Friday, October 7, 2011

Savoring by Bill O'Hanlon

According to the American Heritage Dictionary, to savor is "to appreciate fully, enjoy or relish." Savoring involves paying full attention to something in one's experience. Savoring also involves engaging in the experience. Too many times in our busy, multi-tasking life, we miss the actual experience we might be having. It is said that few people who visit the magnificent Grand Canyon in the American Southwest actually see it directly any longer. They only see it through the digital camera or video screen they have in front of their eyes so they can see later what they would have been seeing if they'd bothered to look.

Savoring is not equal to pleasure, but refers more to appreciating and noticing and engaging in some experience. One could even savor a bitter-tasting food, or a feeling of melancholy.

One can distinguish three ways to savor one's experience:
The first and most common type of savoring is Present-Oriented Savoring, in which one is enjoying and engaging fully in some experience in the moment.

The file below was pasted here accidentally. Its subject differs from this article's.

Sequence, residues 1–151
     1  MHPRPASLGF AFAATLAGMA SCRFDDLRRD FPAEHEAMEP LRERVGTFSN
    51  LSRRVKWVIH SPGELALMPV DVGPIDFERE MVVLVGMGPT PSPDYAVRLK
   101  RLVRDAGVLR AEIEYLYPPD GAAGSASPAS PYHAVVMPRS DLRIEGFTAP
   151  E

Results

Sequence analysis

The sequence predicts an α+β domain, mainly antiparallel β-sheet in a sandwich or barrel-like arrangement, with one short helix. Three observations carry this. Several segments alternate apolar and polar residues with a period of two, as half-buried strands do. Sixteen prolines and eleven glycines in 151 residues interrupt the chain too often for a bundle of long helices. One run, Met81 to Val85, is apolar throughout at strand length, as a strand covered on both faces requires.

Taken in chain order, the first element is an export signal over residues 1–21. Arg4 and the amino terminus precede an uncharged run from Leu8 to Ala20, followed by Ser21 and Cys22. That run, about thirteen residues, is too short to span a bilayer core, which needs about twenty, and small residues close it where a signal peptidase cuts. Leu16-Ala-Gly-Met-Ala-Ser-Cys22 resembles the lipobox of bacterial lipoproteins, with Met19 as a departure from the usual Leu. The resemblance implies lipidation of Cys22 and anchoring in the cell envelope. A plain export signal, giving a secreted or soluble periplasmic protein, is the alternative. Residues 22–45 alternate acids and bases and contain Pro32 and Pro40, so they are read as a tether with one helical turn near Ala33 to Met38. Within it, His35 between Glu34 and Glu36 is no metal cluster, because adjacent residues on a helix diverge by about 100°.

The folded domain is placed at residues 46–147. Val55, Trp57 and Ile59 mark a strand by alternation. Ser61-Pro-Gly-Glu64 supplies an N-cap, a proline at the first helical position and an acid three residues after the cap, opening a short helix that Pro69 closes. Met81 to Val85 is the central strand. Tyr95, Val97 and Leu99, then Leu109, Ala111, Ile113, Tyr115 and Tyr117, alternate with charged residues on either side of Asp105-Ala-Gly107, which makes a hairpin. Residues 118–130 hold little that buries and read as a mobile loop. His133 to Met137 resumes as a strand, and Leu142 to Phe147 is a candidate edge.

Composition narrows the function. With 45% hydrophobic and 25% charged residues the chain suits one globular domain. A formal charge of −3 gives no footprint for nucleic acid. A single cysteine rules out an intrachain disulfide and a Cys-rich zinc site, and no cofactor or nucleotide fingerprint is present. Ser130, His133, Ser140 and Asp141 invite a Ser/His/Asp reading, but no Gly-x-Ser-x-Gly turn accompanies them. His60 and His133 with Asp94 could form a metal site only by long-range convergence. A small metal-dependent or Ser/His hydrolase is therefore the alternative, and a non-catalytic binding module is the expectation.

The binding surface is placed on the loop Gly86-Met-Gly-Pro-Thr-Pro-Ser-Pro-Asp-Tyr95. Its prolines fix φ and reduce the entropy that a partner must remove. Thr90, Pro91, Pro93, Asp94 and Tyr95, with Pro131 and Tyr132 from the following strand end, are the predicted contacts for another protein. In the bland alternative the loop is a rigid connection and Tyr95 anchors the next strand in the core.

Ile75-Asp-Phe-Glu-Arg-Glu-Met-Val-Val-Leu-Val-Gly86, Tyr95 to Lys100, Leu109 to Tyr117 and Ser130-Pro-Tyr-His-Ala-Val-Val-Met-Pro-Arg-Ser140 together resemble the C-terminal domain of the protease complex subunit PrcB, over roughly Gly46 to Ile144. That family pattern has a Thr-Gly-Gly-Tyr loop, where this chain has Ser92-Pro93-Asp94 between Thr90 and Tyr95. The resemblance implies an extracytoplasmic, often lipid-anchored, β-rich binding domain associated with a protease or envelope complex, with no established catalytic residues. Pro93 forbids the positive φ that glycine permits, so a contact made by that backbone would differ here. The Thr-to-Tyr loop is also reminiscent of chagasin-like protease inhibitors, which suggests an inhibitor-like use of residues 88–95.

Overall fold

Some activities one might do to experience present-oriented savoring are:
  • Cellphone-, email-, TV-, computer-free time periods
  • Sensory focus moments (using visual, auditory, kinesthetic, olfactory or gustatory senses)
Watching sunrise or sunset
Feeling the breeze with eyes closed
Smelling food or environmental scents
Tuning in to bodily sensations
Tasting/savoring food
Slow eating with no distractions
  • Mindfulness practices
  • Tuning in to feelings of the moment
The next is Past-Oriented Savoring, in which we vividly recall something we experienced and treasured in the past. This type of savoring might also involve reliving or re-experiencing a significant experience by telling it to others.

Some activities one might do to experience past-oriented savoring are:
  • Replaying happy days
  • Keeping a savoring photo album
  • Remembering acts of kindness
  • Recalling best moments
Last is Future-Oriented Savoring, in which we anticipate something good we expect to or want to have happen in the future. These are essentially vivid, engaging daydreams.

Some activities one might do to experience future-oriented savoring are:
  • Vividly imaging an anticipated event
  • Imagining what the future without some current hassle or problem would be
  • Exploring your best possible future self
  • Detailing the components of your ideal day